OK here is the problem. Which is more important, the public’s right to know or the preliminary process needs of the justice system? This kind of issue is well resolved when it comes to charges against minors. We have legislation that protects the identity of youth facing judicial proceedings. Unfortunately this law sometimes ends up protecting the identity adult bad guys from public disclosure because that might inadvertently disclose the identity of a minor so it too could be better.
We have a formal judicial process to ban publication of the names of those involved in judicial proceedings, not only accused but witnesses too. That decision is made in a formal court application before a judge who decides if a ban on publication of the identity of parties or individuals is in fact in the public interest - and not just the self-interests of the accused party.
So why in Alberta do we not hear of cases where about possible environmental law issue arise until investigations are complete and charges are actually laid? The competing values and the conflict between the various interests are very clear. The Crown Prosecutors rightfully want to gather all the available evidence, review and test it to see if it is sufficient to lay a charge before a charge is laid. If that evidentiary hurdle is overcome there is further consideration to decide if a charge is even in the public interest. Satisfaction of all this reviewing and evaluation may finally result in a charge and the public is then finally informed about the matter…but not until then.
That process and practice serves the interest of the judicial review process and the privacy of a potential accused but it does not serve the greater public interest and our right to know what is going on. The Alberta public owns the natural resources of the province. Our government, as our democratically elected agents/proxy, is legally delegated the duty to protect our environment and to ensure responsible exploitation the public’s natural resources in the service of the greater public good. Simple enough!
When an alleged breach of environmental law happens by actions of a company with a license operate and a duty to obey the law while profiting from our publicly owned natural resources, why shouldn’t the public know about any such allegations right away?
Governments talk accountability, transparency and openness with regularity but do they walk that talk with authenticity, integrity and alacrity? Not so much. This deficiency is not necessarily because government doesn’t want to be overt about such public notice. They have made a choice not to. They have decided the needs of the judicial process are the values that dominate and they dictate otherwise.
I think this is a misplaced virtue when it comes to investigations and pending charges for alleged breaches of environmental laws. The public interest and our right to know what is alleged, against who, the nature of the alleged breaches and extent of the possible damages is the public interest value set that should predominate in all such cases.
Immediate public disclosure ought to be the default position in all such cases. If a company wants a ban then let them go to court and prove to a Judge that concealment of the facts and the identity of the parties involved are in the public interest. Let the corporations and the individuals involved go to Court and get an Order for a ban on disclosure and publication.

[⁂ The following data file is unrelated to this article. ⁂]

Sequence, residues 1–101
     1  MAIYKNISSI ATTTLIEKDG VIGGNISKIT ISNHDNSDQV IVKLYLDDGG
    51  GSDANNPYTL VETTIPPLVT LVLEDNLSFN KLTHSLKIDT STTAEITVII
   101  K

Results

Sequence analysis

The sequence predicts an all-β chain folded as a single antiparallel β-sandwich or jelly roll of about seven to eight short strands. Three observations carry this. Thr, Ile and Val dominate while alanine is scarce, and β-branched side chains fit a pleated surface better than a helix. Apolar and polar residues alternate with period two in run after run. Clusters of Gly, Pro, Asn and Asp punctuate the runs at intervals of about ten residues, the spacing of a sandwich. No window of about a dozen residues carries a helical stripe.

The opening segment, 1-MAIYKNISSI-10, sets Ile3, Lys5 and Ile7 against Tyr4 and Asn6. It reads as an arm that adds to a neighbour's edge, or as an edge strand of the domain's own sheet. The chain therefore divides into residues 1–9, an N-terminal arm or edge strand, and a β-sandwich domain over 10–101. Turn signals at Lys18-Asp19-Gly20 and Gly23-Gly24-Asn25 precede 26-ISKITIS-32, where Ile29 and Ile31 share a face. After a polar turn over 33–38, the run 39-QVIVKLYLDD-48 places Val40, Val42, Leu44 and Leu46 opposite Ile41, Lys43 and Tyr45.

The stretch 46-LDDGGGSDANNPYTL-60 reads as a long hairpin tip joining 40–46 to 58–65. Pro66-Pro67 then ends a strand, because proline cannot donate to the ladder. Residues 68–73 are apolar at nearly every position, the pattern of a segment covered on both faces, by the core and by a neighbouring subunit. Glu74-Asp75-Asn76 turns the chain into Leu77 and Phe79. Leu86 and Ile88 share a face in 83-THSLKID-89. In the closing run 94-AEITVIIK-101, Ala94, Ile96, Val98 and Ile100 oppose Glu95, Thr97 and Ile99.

What happens now is even the Minister of the Environment is uninformed and unaware of such allegations and investigations of potential breaches of our environmental law and therefore oblivious to the current consequential environmental damages. This is bad governing and bad public policy. Here is why.
When a charge is laid the Minister gets to rightly say he can’t comment publicly because the matter is before the courts. However if an investigation is on-going but no charge has yet been laid, than a Minister can’t use that sub judice tactic if asked about any such matter in Question Period, by the media or the public. In fact open, transparent, accountable governing principles would dictate that the Minister ought to obliged comment on such matters in an informed and comprehensive way.
So, as a consequence, to avoid the duty to comment, it seems the justice system and the government public relations systems seem to have decided not to tell the Minister anything about any such investigations. I am not prone to conspiracy theories and don't believe that is what is happening here. Keeping the Minister willfully blind and the rest of us uninformed and ignorant as a result is a long way from open, transparent and accountable governance. I don't think it is a conspiracy. I think it is cultural and the wrong governing philosophy.
There is another unfortunate consequence of not having early public disclosure of allegations and investigations of possible environmental law breaches. Many of the alleged breaches come from industry self-monitoring and reporting requirements. So the evidence they present, regardless of accuracy and timeliness, would naturally be under suspicion right away. The company and the government would both tend to be seen as not doing their jobs of protecting the environment when such incidences occur. There is no public benefit of the doubt for anyone involved in such situations.
What makes it worse is the Crown Prosecutors have to take the time necessary to carefully gather, evaluate and figure out how to prove the alleged case before they can appropriately lay any charge. The various incidences of breach are rarely simple and straight forward and if they are the evaluation of the resulting damages is always difficult to quantify. Preparing the case to see if a charge is warranted can take years to yield an appropriate answer and justify a charge. Such delay makes a suspicious public think industry and government are in cahoots and neither one is presumed to be serving the greater public interest.